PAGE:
Hurricane Dorian is growing more and more powerful and has Florida in her sights as well as the Carolinas. But right now, the Bahamas is taking the first damage from the “catastrophic” Category 5 hurricane.
Deep warm water in the Caribbean has fueled Dorian into being a Category 5 hurricane on the Saffir-Simpson Hurricane Wind Scale. Dorian is an “extremely dangerous” storm that has maximum sustained winds of 185 mph and wind gusts over 220 mph. The National Weather Service called Dorian a “30 mile-wide EF4 tornado.”
Dorian and its devastating winds made landfall on Elbow Cay in the Abacos Islands located in the northwestern area of the Bahamas, the National Weather Service said Sunday afternoon. Dorian is now the strongest hurricane on record in the Bahamas. Photos and videos show the tiny Caribbean island being pummeled by the deadly storm. Houses have been destroyed, roofs ripped off and cars destroyed.
In one heartbreaking video, a mother with a 4-month-old baby pleads for everyone to “please pray for us, pray for Abacos. Please, I’m begging y’all, my baby is only 4 months old.”
One home was obliterated by the hurricane.
The Category 5 hurricane didn’t stop one person from going kayaking.
“Life-threatening storm surge and very heavy rainfall also expected… Preparations to protect life and property should be rushed to completion,” the National Hurricane Center said in an advisory on Sunday.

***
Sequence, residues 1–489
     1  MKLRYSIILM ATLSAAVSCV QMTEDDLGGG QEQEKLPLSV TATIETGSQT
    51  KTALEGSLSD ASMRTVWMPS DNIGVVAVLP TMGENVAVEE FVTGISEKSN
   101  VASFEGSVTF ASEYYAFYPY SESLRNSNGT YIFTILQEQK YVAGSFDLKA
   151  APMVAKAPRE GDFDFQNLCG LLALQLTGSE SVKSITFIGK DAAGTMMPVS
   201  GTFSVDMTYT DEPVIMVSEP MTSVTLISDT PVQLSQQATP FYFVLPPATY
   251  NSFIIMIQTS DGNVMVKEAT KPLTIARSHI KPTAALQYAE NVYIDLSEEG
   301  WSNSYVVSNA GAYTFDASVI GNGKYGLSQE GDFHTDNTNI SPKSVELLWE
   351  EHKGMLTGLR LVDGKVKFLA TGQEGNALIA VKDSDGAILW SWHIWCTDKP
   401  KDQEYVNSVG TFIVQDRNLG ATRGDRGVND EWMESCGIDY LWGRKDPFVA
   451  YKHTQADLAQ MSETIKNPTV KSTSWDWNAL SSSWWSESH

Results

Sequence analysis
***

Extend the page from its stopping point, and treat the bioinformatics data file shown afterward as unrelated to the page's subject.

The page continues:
Forecasters are predicting a storm surge of as much as 23 feet were possible, and 25 inches of rain could fall before the storm passes over the Bahamas.
Hurricane-force winds extend 45 miles outward from the eye of the storm and tropical storm-force winds as far as 140 miles outward.
Only one hurricane as strong as Dorian has made landfall in the continental United States, the Labor Day Hurricane of 1935 with 185 mph winds. Dorian now has the strongest winds for a hurricane this far north in the Atlantic east of Florida on record.
Dorian is only the 35th Category 5 hurricane ever recorded in the Atlantic Ocean. Hurricane Dorian is the second-strongest Atlantic Ocean hurricane since 1950, only Hurricane Allen in 1980 was more powerful with maximum winds of 190 mph. Dorian’s 185 mph winds are the second strongest, tied with Gilbert in 1988 and Wilma in 2005.
Here is what Hurricane Dorian looks like from a storm-chasing airplane and from the International Space Station (ISS).
Hurricane Dorian is expected to continue traveling northwest and ravage Grand Bahama Island later on Sunday. Hurricane Dorian has slowed down and is only moving northwest at a pace between 3 and 5 mph.
The National Hurricane Center’s latest briefing on Dorian said the storm is expected to arrive in Florida by late Monday or Tuesday.
The hurricane will bring a “life-threatening storm surge” that “will be accompanied by large and destructive waves.” There are predictions that once Dorian hits Florida it could bring waves up to 60-feet high.
Experts believe that by Tuesday Dorian will weaken to a Category 4, with winds around 140 mph near the eye. Current forecasts show the center of the hurricane staying approximately 40-50 miles off the Florida shore, probably between West Palm Beach and Port St Lucie.
The storm will travel north up the East Coast and hit Georgia, South Carolina on Thursday and North Carolina on Friday.
President Trump sent prayers to the people in the Bahamas and issued warnings for states in Dorian’s path.